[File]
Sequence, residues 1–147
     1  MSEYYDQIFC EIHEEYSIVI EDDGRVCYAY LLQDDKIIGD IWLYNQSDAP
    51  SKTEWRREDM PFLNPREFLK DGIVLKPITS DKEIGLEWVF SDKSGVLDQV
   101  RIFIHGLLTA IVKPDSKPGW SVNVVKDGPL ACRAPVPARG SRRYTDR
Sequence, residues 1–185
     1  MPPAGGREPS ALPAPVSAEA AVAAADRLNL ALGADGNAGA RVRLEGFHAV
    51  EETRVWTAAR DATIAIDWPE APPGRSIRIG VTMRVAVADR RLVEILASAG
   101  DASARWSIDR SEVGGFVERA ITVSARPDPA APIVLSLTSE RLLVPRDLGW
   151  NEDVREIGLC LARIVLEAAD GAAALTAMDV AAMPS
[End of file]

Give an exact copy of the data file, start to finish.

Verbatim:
Sequence, residues 1–147
     1  MSEYYDQIFC EIHEEYSIVI EDDGRVCYAY LLQDDKIIGD IWLYNQSDAP
    51  SKTEWRREDM PFLNPREFLK DGIVLKPITS DKEIGLEWVF SDKSGVLDQV
   101  RIFIHGLLTA IVKPDSKPGW SVNVVKDGPL ACRAPVPARG SRRYTDR
Sequence, residues 1–185
     1  MPPAGGREPS ALPAPVSAEA AVAAADRLNL ALGADGNAGA RVRLEGFHAV
    51  EETRVWTAAR DATIAIDWPE APPGRSIRIG VTMRVAVADR RLVEILASAG
   101  DASARWSIDR SEVGGFVERA ITVSARPDPA APIVLSLTSE RLLVPRDLGW
   151  NEDVREIGLC LARIVLEAAD GAAALTAMDV AAMPS